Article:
. Gamma-secretase inhibition reduces spine density in vivo via an amyloid precursor protein-dependent pathway. J Neurosci. 2009 Aug 19;29(33):10405-9. PubMed.


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  1. Bittner and colleagues succinctly describe the effects of gamma-secretase inhibition on dendritic spine density in the neocortex using in vivo, two-photon imaging in mice. The authors report that chronic, independent administration of two different gamma-secretase inhibitors reduces the density of synaptic spines in a focal region of neocortex, and that this effect requires the presence of APP.

    These intriguing findings will certainly stimulate further research on this topic, as synapse loss could impair cognitive function in people treated with gamma secretase inhibitors, thus neutralizing potential benefits of the therapy in Alzheimer patients. This report raises several questions:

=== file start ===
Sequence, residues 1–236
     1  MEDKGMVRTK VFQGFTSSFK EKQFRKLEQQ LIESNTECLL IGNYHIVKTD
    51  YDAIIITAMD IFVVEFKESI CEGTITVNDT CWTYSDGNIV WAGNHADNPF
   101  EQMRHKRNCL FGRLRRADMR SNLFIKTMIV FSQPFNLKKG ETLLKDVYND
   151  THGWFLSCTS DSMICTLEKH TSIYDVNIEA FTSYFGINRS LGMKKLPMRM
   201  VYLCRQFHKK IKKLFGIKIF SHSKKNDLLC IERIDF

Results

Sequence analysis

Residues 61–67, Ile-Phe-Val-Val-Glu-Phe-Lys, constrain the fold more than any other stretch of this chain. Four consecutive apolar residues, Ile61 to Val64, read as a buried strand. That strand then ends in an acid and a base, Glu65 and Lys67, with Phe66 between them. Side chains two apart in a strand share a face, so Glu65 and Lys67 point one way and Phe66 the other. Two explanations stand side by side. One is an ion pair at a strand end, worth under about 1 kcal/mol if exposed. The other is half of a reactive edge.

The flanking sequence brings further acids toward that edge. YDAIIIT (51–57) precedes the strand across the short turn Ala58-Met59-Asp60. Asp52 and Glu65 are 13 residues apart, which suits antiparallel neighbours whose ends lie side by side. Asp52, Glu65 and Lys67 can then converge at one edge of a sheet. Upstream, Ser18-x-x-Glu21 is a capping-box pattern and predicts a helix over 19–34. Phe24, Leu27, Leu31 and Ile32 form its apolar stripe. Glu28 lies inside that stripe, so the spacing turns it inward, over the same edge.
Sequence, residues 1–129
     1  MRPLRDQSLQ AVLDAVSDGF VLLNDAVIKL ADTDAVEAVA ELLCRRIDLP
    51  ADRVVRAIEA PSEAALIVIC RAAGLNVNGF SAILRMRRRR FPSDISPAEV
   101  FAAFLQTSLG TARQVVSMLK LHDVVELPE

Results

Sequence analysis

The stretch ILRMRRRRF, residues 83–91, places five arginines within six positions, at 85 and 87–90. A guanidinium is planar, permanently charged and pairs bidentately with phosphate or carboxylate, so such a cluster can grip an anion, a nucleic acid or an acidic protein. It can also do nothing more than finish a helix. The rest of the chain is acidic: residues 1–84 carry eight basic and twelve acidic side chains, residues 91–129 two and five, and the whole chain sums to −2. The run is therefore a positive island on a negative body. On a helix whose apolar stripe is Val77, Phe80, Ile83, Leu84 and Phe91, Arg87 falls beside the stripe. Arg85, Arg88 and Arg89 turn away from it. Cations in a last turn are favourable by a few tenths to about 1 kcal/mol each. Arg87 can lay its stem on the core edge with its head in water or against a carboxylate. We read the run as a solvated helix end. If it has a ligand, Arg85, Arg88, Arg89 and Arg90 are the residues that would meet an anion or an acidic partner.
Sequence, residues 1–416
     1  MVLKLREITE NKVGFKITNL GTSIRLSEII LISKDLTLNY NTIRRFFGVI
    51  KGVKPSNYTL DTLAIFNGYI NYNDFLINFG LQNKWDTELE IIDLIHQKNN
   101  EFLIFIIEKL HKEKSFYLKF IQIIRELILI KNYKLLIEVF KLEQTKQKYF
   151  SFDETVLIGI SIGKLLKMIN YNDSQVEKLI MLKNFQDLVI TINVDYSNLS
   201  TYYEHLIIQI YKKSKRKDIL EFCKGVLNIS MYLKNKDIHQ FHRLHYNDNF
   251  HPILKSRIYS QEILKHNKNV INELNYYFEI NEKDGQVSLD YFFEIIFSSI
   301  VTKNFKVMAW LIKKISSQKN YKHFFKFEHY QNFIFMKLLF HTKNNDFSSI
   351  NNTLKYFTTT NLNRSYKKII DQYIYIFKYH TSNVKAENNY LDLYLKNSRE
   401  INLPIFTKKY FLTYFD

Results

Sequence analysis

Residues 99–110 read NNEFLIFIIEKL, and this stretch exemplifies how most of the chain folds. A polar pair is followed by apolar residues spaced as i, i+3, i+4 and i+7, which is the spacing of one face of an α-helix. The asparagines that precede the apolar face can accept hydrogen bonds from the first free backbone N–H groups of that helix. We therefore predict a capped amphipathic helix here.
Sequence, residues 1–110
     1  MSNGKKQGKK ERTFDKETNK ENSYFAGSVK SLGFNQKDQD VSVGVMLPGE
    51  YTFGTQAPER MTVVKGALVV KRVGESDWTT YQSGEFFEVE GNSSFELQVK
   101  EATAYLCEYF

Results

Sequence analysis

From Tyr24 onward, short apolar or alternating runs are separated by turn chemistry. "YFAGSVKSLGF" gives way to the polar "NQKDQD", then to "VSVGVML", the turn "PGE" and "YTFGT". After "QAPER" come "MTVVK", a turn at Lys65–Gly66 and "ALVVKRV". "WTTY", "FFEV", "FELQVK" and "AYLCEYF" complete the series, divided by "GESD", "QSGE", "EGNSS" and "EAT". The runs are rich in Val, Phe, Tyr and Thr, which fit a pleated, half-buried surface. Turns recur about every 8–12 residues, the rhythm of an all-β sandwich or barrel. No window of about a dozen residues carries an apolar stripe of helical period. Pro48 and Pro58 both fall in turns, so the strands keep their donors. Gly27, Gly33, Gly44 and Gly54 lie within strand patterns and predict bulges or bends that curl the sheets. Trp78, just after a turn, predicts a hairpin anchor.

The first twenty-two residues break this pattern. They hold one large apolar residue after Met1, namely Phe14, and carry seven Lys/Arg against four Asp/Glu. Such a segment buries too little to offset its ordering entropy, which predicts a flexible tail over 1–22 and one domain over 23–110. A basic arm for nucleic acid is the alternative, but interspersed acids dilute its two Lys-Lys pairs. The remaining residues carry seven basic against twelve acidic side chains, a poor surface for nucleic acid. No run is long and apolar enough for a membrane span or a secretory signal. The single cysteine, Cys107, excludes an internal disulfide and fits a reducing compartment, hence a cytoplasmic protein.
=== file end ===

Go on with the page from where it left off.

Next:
1) Is the anatomical distribution of the effect widespread or focal in the brain? (this issue might be addressed by biochemical or stereological analysis of synapse-associated markers);
    2) what is the dose-response relationship between gamma secretase inhibition and synapse depletion, and is this phenomenon separable from the effect of the inhibitors on Aβ levels? and
    3) a key issue, noted in the paper's Discussion, is whether chronic gamma secretase inhibition influences cognition, and whether the predicted behavioral changes persist following discontinuation of the drugs. The outcome of follow-up studies could influence strategic approaches to lowering Aβ in Alzheimer disease.

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